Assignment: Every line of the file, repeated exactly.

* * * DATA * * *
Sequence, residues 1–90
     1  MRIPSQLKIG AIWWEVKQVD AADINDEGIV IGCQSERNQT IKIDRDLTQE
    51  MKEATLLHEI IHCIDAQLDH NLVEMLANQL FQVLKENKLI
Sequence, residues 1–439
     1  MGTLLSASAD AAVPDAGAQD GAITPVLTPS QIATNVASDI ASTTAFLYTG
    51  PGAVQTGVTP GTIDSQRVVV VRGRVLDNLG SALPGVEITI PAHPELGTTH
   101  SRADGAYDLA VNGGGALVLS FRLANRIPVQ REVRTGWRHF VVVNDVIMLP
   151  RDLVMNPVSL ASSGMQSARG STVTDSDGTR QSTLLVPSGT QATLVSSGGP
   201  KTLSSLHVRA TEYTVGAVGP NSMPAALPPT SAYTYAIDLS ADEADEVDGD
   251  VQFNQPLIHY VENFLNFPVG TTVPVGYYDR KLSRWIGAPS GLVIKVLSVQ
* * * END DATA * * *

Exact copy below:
Sequence, residues 1–90
     1  MRIPSQLKIG AIWWEVKQVD AADINDEGIV IGCQSERNQT IKIDRDLTQE
    51  MKEATLLHEI IHCIDAQLDH NLVEMLANQL FQVLKENKLI
Sequence, residues 1–439
     1  MGTLLSASAD AAVPDAGAQD GAITPVLTPS QIATNVASDI ASTTAFLYTG
    51  PGAVQTGVTP GTIDSQRVVV VRGRVLDNLG SALPGVEITI PAHPELGTTH
   101  SRADGAYDLA VNGGGALVLS FRLANRIPVQ REVRTGWRHF VVVNDVIMLP
   151  RDLVMNPVSL ASSGMQSARG STVTDSDGTR QSTLLVPSGT QATLVSSGGP
   201  KTLSSLHVRA TEYTVGAVGP NSMPAALPPT SAYTYAIDLS ADEADEVDGD
   251  VQFNQPLIHY VENFLNFPVG TTVPVGYYDR KLSRWIGAPS GLVIKVLSVQ